Great Wall of China
- "Great Wall" redirects here. For the smartest way to spend $21.6 billion, see Donald Trump.
“Mr. Deng, tear down this wall!”
Designed with the sole intent of repelling "any outside threat period", the Great Wall of China has failed to do its job nearly 2,500 times, allowing a diverse mix of barbarians to repeatedly conquer and obliterate the Chinese heartland. It is estimated that around the equivalent of US$900 trillion was put into this project with a total of 10 billion work hours spent into its construction and endless maintenance. In comparison, it would have cost only US$20 and 5 minutes to send the unstoppable Mongolian death horde the assorted fruit-basket they originally wanted. 
At its peak, nearly 70% of the Chinese population were employed by force into building the wall, only for it to catastrophically fail when someone left the door slightly ajar. As a result, China was occupied by Japan until Mao Zedong closed the door.
History[edit | edit source]
Emperor Nasi Goreng[edit | edit source]
According to research conducted by Australian Internet company BigPond, the origins of the Great Wall of China date back to Emperor Nasi Goreng, who needed to build 'a bruddy big fence' to keep the rabbits out of his empire. The success of the efforts of Emperor Goreng is difficult to judge as it is evident that the burgeoning Mongol empire was soon to start competing with the Chinese for rabbit meat in any case. Before long, the rabbits became far less of a problem than the Mongols. The collapse of the Goreng Dynasty due to perceived public waste and pork-barreling by the Emperor led to revolution in China and the formation of the Qin Dynasty.
Qin Dynasty[edit | edit source]
The first attempt at building a nation spanning barricade was done by Emperor Qin Shi Huang who eschewed conventional wall-making materials such as brick or stone and opted for what historians describe as "why would you choose the freaking dirt". During its early development, engineers considered a variety of alternative construction materials including, wood, paper, grass, a biodegradable form of turtle shells, all of which were rejected in favor of something only a thin thread less stupid. Workers would pile dirt into square molds and employ a sophisticated construction technique known as "slamming a barbell into the ground" to compress the clump of soils into a tighter and more resistant form. While this was more than sufficient to block attempts by enemy soldiers to hack at the walls AoE style, it failed to address the issue of barbarians being intelligent enough to climb over the walls and steal siege engines, nor its laughable resistance to corrosion and the monthly sandstorm.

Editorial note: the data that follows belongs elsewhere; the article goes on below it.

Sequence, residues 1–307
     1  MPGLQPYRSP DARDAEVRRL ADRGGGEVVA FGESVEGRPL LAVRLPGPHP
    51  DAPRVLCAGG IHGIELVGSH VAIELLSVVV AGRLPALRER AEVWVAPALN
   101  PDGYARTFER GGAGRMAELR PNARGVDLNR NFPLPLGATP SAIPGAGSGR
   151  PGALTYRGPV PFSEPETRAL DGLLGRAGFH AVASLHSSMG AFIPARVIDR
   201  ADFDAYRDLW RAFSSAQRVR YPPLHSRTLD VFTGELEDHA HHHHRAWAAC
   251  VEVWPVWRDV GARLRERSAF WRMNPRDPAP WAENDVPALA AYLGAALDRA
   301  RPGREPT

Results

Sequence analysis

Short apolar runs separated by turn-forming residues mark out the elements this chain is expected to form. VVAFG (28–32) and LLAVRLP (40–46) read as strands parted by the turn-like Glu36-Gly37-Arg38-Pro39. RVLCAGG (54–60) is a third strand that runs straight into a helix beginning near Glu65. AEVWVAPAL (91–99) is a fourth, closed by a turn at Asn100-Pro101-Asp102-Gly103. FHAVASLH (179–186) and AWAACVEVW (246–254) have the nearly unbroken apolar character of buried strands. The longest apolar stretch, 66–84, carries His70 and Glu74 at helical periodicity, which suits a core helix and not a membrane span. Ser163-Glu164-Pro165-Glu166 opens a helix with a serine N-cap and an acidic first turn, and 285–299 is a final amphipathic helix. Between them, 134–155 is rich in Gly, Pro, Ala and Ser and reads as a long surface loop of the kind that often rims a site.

Ming Dynasty[edit | edit source]
The Ming Dynasty was the first dynasty to consider more modern and durable materials when constructing its iteration of the Great Wall. Realizing that they could no longer afford to engage the Mongols head-on, the Ming decided to implement a long-term turtling strategy, hoping that "maybe if we wall ourselves in and close our eyes, the barbarians will go away".
For several years, the new wall enjoyed unprecedented amounts of success, managing to repel wave after wave of Mongol and Manchurian invaders. However, after Beijing fell into the hands of Li Chizeng rebels, a Ming general by the name of Wu Sangui who clearly "did not get the memo", decided to open the gates and invite the Manchurians to help out. The Manchurians accepted the offer and proceeded to thoroughly ass-whoop the rebels and the resident Ming dynasty, reinstating the Great Wall's status as "most panoramic money incinerator" in China.